- The world body announces its largest appeal ever: $5 billion
- 1.6 million people have fled Syria as fighting rages on
- 2.45 million are displaced
- Those figures are predicted to grow
The United Nations on Friday made its largest appeal ever -- for more than $5 billion -- for relief aid to Syrians across the country.
"Syria as a civilization is unraveling, with as many as half of its citizens in need of urgent help as a result of this savage conflict," said Antonio Guterres, the world body's high commissioner for refugees, who announced the goal in Geneva. "The funds we are appealing for are a matter of survival for suffering Syrians, and they are essential for neighboring countries that are hosting refugees."
More than 1.6 million Syrians have fled the country since the conflict began in March 2011; another 4.25 million are estimated to have been displaced inside it.
UNHCR noted that it had appealed in December for $1 billion, but increased the figure after the number of refugees exceeded predictions.
The announcement came as the U.N. Office for the Coordination of Humanitarian Affairs predicted that 3.45 million inside Syria could have crossed its borders by the end of the year and another 6.8 million people remaining inside Syria will need aid.
That's nearly half of the nation, which has a population of 22.5 million.
On Thursday, the European Union said it would contribute as much as $530 million to aid Syrians by year's end.
Two days after Syrian government forces seized control of the strategically important city of Qusayr from rebel forces it describes as "terrorists," the army sought to restore security and stability to surrounding villages, the state-run Syrian Arab News Agency reported Friday.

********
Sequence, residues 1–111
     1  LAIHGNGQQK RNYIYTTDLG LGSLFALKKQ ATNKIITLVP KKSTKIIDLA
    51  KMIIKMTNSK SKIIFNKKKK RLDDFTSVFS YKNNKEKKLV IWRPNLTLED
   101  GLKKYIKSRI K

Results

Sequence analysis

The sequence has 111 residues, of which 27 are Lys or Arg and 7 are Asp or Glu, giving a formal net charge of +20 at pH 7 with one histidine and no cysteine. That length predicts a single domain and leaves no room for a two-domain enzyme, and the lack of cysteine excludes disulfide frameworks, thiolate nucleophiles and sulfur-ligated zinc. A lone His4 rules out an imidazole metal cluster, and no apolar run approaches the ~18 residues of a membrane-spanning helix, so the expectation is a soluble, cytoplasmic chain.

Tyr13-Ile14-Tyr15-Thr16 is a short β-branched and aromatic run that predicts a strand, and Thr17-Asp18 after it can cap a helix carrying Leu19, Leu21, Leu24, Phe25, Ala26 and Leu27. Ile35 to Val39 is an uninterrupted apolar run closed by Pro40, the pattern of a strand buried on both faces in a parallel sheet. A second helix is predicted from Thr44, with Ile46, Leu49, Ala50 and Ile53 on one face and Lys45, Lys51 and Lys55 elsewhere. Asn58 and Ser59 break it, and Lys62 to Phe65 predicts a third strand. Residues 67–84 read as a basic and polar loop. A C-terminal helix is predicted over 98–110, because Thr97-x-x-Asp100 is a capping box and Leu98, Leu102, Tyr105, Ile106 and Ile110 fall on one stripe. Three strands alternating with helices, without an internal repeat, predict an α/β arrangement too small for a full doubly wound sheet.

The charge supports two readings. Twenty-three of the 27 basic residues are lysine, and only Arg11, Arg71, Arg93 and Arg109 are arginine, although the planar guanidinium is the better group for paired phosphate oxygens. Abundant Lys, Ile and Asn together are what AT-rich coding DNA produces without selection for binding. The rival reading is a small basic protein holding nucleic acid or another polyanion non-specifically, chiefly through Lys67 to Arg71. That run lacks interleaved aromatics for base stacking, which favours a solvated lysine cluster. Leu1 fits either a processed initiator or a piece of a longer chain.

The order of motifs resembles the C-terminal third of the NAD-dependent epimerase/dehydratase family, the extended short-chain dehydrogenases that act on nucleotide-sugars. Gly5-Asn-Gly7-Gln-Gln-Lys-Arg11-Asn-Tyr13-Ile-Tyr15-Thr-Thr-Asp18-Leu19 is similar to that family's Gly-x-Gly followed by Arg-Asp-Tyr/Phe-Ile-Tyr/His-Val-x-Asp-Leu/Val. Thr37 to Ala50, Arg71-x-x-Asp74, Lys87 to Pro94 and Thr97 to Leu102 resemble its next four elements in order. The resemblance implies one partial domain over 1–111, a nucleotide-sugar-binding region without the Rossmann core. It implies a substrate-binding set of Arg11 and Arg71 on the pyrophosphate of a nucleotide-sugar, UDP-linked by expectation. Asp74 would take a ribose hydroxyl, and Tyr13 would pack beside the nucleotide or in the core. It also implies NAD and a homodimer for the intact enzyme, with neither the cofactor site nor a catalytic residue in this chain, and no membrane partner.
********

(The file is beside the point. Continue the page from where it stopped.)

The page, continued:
"An official source told SANA reporter that units of our armed forces are continuing their missions in pursuing the terrorists' remnants and inspecting operations," it said.
The U.N. Security Council urged on Friday that Syrian authorities protect civilians and allow humanitarian access to the town.
UNHCR said this week that it had received reports that up to 1,500 wounded civilians were trapped in the town.
At least 52 people -- including three women and four children and one under torture -- were killed Friday nationwide, the rebel Local Coordination Committees of Syria said.
In addition, two French journalists working for Europe1 are missing in Syria, the French radio station said Friday, prompting fears that they may have been kidnapped.
Reporter Didier Francois and photographer Edouard Elias were on their way to the northwestern city of Aleppo when they went missing, the radio station said.
Lebanon's official National News Agency reported that one person was killed and several were wounded in clashes in Tripoli.
Deteriorating security conditions near the Golan Heights headquarters for U.N. peacekeepers in the region prompted Austria to say Thursday that it will pull out its 370 troops, more than a third of the force assigned to help keep Israel and Syria at bay.
The announcement came amid fighting over the Quneitra crossing, Syria's only access point to the Golan Heights. Rebel forces first captured but then lost control of the crossing in heavy fighting.
On Friday, Russian President Vladimir Putin said Moscow was prepared to replace them, Russia's Itar-Tass news agency reported.
The developments come amid longstanding concerns that the conflict could expand to other parts of the region.
U.N. spokeswoman Josephine Guerrero said Filipino and Indian peacekeepers will remain in the region to enforce the peace deal between Israel and Syria reached in 1974, nearly seven years after Israel first captured Quneitra in the Six-Day War. Syria retook it in 1973.
Quneitra is important to the Syrian regime because it represents former President Hafez al-Assad's attempt to liberate Israeli-occupied territory.